The Jakarta Post
The hashtags #Reformasidikorupsi (Reform corrupted) and #Demokrasidikorupsi (Democracy corrupted) have accompanied the call to street rallies in many cities. Even media workers feel they cannot stand by as the revised Criminal Code includes articles that could curb freedom of expression.
Months after the April presidential and general election, it is understandable that many bystanders are very worried. Far from thinking that they can now live in peace with supporters of rival presidential candidates, today people are divided again.
The chasm now is between die-hard supporters of President Joko “Jokowi” Widodo and another group that also includes Jokowi voters but who are alarmed at the reckless abuse of the trust that enabled him win a second term in office and that enabled politicians to win their coveted seats.
There is speculation that the massive marches are partially aimed at delaying or even canceling the President’s inauguration on Oct. 20, and warnings abound of provocateurs and extremists seeking to benefit from the protests.
But just a glance at the protesters’ demands confirms that anger has been building up, mainly directed at lawmakers seeking to swiftly pass laws carelessly near the end of their term on Monday; but also at Jokowi for failing to wield his power appropriately at the expense of his own pledges, including those on corruption and the upholding of basic human rights.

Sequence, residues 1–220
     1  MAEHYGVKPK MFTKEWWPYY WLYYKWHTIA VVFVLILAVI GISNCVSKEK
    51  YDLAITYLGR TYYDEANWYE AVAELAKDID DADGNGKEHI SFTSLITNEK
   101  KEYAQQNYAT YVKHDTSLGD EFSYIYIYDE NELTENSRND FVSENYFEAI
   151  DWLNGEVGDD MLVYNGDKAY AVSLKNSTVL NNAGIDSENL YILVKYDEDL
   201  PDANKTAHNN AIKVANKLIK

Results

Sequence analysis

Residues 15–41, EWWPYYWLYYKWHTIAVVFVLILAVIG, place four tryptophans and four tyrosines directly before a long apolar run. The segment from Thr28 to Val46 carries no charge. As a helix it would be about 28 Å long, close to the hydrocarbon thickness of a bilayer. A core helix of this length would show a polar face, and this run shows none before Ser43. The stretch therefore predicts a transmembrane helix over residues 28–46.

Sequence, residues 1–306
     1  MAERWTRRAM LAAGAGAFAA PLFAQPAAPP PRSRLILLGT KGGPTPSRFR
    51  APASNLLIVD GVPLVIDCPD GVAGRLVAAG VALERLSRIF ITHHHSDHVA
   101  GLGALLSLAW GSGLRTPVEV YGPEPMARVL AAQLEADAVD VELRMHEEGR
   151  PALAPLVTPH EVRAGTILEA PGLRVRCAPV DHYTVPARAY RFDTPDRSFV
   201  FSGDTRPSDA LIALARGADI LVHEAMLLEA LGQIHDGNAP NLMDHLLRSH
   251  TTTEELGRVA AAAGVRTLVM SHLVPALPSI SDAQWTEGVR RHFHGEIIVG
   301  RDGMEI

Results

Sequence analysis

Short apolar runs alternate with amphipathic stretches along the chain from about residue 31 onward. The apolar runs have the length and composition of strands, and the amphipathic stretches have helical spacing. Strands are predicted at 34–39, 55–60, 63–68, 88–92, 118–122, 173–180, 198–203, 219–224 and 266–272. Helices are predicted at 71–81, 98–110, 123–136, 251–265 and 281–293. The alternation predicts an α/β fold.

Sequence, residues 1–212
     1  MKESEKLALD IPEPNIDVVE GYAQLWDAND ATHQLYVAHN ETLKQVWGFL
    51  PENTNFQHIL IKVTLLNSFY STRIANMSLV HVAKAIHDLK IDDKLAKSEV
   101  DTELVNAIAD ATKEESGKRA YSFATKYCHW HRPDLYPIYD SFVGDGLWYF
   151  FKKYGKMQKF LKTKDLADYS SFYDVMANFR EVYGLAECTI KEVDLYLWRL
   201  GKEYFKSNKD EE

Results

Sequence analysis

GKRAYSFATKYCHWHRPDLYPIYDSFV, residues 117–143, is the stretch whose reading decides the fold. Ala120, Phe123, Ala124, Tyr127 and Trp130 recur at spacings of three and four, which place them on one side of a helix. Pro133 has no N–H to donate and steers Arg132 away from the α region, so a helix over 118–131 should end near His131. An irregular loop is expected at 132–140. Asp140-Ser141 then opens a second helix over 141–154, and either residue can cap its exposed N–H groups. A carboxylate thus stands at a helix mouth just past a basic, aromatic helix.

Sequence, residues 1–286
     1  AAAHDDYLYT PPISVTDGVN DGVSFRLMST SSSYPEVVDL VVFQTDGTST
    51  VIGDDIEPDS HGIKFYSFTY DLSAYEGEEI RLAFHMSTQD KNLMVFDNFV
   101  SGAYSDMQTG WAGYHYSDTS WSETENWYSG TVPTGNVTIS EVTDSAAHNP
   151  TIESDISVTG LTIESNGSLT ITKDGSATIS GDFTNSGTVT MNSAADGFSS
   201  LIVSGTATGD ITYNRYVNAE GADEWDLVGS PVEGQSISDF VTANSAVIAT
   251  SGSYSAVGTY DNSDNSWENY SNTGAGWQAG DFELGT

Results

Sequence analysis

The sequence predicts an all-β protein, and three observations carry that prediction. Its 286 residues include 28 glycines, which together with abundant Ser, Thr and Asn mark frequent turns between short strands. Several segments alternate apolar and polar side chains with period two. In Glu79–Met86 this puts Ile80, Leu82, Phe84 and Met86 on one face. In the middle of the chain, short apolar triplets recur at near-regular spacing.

Worse still, devastating news from Papua late Monday that 21 had been killed during or after protests in Wamena and Jayapura hark of the harsh handling of demonstrations under the Soeharto regime, which was toppled 20 years ago.
There is no need to build up and spread the narrative of “you’re either with us or against us” on the part of President Jokowi, his government and supporters. Today’s protests and grievances are valid and merely echo much of the content of Jokowi’s Nawa Cita (Nine Ideals) campaign pledge.
Furthermore, there is no impeachment mechanism within the representative bodies for him to fear; Jokowi’s strength is in the more than 55 percent of the vote or 85.6 million votes he won. But like his predecessor Susilo Bambang Yudhoyono, once in office he seems to have forgotten that this should be his source of conviction to carry out his promises as the leader of the whole nation.
Far from the greenhorn he was in the early days of his presidency, Jokowi has proven to be an able politician. But many members of the public are astounded by how far he will seemingly go to accommodate political interests. He has said the controversial bills must be delayed, but there are now doubts that they will be carried over to the next House term.
Many realize reformasi is a long journey; taking to the streets apart from social media is the only means of expression that ordinary people have. Scholars may say “I told you so”, but members of the public have no choice but to attempt to make their voices heard, to at least reject the further erosion of democracy.